Typical Features of Financial Structure Most projects financed through conventional limited recourse, project finance; i.e. sponsors establish an SPV and pass down most of the project obligations through fixed price subcontracts. Main differences from conventional project finance are: (i) Direct Agreement between senior lenders & the NHS Trust enabling them to “step-in” and save a poorly-performing project; (ii) Termination Compensation Provisions to repay senior debt in full in most termination scenarios; & (iii) Certainty of Cashflow from central or local Government or another public sector entity. Low risk nature of projects enables relatively high gearing with debt : equity ratios of between 90 : 10 and 95 : 5 being the norm. Concessions typically 30 - 40 years in length & bank debt tenors range from 28 - 32 years. Many recent - particularly larger - schemes financed through wrapped bonds.
Bond Versus Bank Financing Since October 1999, only one project with a larger senior debt requirement than £75m has been funded in the bank market. All the others have been wrapped bonds. FSA wrapped 3 schemes. Wrapped bonds have generated economic benefits for issuers due mainly to their longer tenors. Low apparent margins - circa 100bp - but potential real return much higher through arranging & sell down and high likelihood of early refinancing. Pendulum now swinging back towards the bank market as a result of increased rating agency requirements to secure investment grade (e.g. higher base case cover ratios) and an appreciation of the value to both the public and private sectors of the possibility of refinancing bank debt.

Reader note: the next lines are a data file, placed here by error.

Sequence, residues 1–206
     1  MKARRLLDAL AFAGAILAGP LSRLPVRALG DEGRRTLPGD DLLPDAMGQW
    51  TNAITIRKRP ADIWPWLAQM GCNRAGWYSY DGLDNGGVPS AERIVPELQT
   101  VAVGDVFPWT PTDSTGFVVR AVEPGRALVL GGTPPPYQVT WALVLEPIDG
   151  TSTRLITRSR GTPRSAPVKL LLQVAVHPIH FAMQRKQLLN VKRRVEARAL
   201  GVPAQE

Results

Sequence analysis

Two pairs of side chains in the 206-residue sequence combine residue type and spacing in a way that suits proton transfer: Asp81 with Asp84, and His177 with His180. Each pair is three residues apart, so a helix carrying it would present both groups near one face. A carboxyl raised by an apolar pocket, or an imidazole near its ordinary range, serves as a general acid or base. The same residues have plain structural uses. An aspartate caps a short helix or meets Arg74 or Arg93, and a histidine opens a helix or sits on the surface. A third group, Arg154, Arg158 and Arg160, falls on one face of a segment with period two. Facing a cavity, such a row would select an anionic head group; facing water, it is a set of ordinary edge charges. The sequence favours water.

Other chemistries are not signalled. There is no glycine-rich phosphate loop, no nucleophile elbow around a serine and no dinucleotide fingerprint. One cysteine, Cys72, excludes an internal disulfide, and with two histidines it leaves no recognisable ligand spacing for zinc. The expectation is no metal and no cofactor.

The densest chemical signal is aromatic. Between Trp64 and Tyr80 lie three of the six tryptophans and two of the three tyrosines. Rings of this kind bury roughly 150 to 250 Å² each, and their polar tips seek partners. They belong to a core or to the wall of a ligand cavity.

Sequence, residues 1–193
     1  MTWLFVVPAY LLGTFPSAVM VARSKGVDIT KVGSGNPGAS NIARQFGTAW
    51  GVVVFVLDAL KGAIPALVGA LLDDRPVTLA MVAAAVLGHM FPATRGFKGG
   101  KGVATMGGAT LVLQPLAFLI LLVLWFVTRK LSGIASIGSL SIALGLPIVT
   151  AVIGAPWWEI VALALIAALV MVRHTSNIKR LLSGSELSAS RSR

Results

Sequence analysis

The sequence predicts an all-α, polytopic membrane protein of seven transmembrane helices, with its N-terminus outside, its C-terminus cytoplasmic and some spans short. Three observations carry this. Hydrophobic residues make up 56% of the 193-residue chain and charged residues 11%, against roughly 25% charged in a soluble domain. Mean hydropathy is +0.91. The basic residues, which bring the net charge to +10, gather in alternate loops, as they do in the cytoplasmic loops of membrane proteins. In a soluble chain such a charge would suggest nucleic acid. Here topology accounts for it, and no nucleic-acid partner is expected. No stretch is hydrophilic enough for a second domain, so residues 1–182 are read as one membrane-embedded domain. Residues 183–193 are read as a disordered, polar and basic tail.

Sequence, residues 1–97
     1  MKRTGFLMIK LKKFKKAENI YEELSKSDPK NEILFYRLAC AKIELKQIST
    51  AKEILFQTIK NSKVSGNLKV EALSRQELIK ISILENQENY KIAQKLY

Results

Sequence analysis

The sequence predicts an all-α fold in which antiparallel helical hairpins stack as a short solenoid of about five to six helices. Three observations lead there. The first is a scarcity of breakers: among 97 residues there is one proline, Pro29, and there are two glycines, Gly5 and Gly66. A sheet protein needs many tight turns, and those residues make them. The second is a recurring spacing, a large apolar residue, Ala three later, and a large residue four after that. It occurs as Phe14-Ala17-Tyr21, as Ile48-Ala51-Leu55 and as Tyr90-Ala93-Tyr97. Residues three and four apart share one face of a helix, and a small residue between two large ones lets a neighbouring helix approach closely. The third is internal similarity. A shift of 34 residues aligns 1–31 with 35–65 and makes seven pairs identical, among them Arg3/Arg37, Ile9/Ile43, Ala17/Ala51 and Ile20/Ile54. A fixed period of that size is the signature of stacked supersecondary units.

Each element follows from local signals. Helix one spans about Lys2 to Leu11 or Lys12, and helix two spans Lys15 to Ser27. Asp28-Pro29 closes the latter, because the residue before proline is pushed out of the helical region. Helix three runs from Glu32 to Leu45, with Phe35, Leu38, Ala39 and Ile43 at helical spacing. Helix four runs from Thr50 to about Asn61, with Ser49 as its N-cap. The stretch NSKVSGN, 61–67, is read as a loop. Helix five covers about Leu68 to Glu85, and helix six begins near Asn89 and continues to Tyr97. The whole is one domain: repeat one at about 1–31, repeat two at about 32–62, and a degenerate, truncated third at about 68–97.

Current & Future Developments: United Kingdom Pipeline of large hospital projects to continue over the next 3 - 5 years representing the largest hospital building programme in UK history. To speed up and decrease the cost of the procurement process, the NHS is starting to “batch” projects, awarding contracts for 3 hospital projects in one go rather than on a hospital-by-hospital basis. More projects likely to exclude soft services (i.e. those requiring a transfer of significant staff numbers) to accommodate the strong opposition of trade unions. Continued expansion of the primary healthcare PFI programme. Increase in number of tertiary care projects to improve capacity whilst accommodating local authorities’ shortage of capital funding.
Current & Future Developments: Overseas Italy: A number of schemes in procurement and one - at Brescia - achieved financial close. Canada: Hospital projects being taken forward by the provinces of British Columbia and Ontario. Preferred bidder appointed on the first scheme - William Osler in Toronto (Dexia supported runner-up). Deliberately copying UK model to reduce procurement time and cost. Australia: Various states pursuing accommodation PFI schemes, but very little in the health sector. Queensland just launched feasibility study. Portugal: Programme of 10 PPP hospitals due to commence this summer. Project includes all services including clinical / medical.